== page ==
Most cases never make it to the United States Supreme Court. Supap Kirtsaeng will now be there for the second time in less than five years. The Kirtsaeng v. John Wiley & Sons case is now back before the Supreme Court, this time on the issue of the standard for determining attorneys’ fees to a prevailing party in a copyright case. Kirtsaeng’s petition for certiorari was granted last Friday, January 15. Regardless of the outcome, the decision will have important implications for plaintiffs and defendants alike.
Kirtsaeng was a Cornell graduate student who became aware that foreign versions of certain textbooks cost far less than U.S. versions of the same textbook. To make money, Kirtsaeng lawfully bought copies of the books overseas, and then sold them in the U.S. for less than the publisher’s price. John Wiley & Sons, a textbook publisher, sued Kirtsaeng for copyright infringement in the Southern District of New York. Kirtsaeng argued from the beginning that he was protected under the U.S. Copyright Act’s “First Sale” doctrine. In general terms, that doctrine explains that once a copyright holder sells a copy of her work, those copies of her work can be resold without seeking her permission.
After the District Court rejected Kirtsaeng’s first-sale defense, a jury found Kirtsaeng liable for willfully infringing eight works and awarded Wiley $600,000 in statutory damages. On appeal, the Second Circuit affirmed that the first-sale doctrine was inapplicable. But in 2013, the Supreme Court held that the first-sale doctrine applied to copies of works lawfully made outside of the United States and later brought to the United States for resale.
The Current Dispute
After the Supreme Court ruled in Kirtsaeng’s favor and remanded, Kirtsaeng moved for attorney’s fees, seeking $2.04 million in fees and reimbursement of litigation expenses as the prevailing party pursuant to 17 U.S.C. § 505, the attorney’s fees provision of the Copyright Act. Once again, the district court sided against Kirtsaeng, finding that because Wiley’s claim was not objectively unreasonable or frivolous, Kirtsaeng was not entitled to a fee award. Kirtsaeng appealed to the Second Circuit, which affirmed.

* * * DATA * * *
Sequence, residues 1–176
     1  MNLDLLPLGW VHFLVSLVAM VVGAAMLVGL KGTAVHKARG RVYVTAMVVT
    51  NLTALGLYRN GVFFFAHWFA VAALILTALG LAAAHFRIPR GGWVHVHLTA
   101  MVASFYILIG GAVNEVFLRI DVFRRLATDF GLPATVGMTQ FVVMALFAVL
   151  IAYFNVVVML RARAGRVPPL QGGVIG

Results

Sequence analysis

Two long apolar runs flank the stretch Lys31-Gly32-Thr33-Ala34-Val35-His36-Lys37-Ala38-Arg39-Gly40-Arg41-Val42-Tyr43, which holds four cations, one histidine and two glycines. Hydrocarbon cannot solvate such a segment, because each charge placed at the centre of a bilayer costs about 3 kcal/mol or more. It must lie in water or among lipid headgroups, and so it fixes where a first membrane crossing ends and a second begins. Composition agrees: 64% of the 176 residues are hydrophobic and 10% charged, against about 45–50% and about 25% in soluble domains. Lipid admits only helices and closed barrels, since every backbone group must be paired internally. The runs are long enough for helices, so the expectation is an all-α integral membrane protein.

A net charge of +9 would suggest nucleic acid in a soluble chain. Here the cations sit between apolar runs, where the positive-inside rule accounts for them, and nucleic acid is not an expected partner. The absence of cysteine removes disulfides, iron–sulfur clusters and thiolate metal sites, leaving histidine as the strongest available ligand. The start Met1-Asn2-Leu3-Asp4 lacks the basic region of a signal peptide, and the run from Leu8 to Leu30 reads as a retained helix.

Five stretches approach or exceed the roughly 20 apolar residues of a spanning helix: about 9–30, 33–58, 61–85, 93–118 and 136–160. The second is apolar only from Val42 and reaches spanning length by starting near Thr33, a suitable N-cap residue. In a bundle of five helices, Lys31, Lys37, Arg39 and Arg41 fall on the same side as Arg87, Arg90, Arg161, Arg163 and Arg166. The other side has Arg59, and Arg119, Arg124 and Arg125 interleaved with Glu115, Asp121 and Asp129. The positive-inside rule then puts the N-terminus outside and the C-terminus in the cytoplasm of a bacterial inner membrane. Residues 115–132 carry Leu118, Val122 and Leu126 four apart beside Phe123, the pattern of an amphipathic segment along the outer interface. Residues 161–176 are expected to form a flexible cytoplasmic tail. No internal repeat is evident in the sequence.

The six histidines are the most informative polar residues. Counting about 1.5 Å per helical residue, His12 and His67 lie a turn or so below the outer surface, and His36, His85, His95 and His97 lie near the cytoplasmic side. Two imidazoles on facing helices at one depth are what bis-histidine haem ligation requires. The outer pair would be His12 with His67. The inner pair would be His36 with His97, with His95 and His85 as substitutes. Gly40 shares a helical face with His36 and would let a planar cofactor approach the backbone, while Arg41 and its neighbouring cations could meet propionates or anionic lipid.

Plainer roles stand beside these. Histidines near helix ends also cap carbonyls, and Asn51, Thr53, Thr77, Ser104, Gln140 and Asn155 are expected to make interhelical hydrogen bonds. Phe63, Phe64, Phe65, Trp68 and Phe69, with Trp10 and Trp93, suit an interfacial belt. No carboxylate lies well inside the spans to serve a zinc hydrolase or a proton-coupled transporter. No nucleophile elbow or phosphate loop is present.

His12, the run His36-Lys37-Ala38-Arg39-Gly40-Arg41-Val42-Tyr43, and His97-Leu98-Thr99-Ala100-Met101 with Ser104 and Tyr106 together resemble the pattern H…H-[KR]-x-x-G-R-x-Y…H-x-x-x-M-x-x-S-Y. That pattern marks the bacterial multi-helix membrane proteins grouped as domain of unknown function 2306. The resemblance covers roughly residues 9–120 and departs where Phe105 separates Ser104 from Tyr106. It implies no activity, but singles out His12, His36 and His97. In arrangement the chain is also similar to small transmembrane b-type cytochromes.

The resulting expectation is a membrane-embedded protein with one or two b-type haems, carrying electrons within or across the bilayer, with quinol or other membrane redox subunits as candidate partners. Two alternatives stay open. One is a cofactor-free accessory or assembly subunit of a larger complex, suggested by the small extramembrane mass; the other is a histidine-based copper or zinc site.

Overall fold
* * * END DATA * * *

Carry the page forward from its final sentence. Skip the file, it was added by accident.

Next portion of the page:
Thus, at issue is how courts should determine when to “award a reasonable attorney’s fee to the prevailing party.”
This issue has been the subject of debate for a few years. In Fogerty v. Fantasy, the Supreme Court, in a footnote, listed “nonexclusive” factors for a court to consider, including frivolousness, motivation, objective unreasonableness (both in the factual and legal components of the case), and considerations of compensation and deterrence.
In his petition for certiorari, Kirtsaeng argues that the various circuits’ application of this statutory language has varied widely, from simply considering “whether the prevailing party’s claim or defense furthered the interests of the Copyright Act, with no presumptions one way or the other” (Ninth and Eleventh Circuits) to applying a presumption in favor of a fee award for prevailing parties (Fifth and Seventh Circuits) to applyingFogerty’s nonexclusive factors (Third, Fourth, and Sixth Circuits). Kirtsaeng further argues that the Second Circuit’s approach places “‘substantial weight’ on whether the losing party’s claim or defense was objectively unreasonable—which is to say, whether the losing party’s claim was clearly without merit or devoid of legal or factual basis.” According to Kirtsaeng, this creates a “presumption against awarding fees.”